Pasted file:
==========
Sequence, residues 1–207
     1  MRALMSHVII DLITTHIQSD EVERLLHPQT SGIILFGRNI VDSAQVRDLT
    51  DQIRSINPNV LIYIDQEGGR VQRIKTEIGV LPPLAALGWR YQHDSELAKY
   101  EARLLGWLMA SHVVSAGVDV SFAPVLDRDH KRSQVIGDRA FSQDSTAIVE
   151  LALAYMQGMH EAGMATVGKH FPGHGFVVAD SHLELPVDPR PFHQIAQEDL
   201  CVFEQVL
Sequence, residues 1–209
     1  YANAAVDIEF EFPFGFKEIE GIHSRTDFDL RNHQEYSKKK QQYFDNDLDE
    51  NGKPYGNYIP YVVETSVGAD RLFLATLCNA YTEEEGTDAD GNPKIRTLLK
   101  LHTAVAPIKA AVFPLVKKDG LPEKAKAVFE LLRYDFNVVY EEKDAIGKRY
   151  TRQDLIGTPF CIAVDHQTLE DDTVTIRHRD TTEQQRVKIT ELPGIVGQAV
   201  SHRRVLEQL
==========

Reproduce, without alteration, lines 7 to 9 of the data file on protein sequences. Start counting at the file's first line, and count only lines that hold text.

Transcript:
Sequence, residues 1–209
     1  YANAAVDIEF EFPFGFKEIE GIHSRTDFDL RNHQEYSKKK QQYFDNDLDE
    51  NGKPYGNYIP YVVETSVGAD RLFLATLCNA YTEEEGTDAD GNPKIRTLLK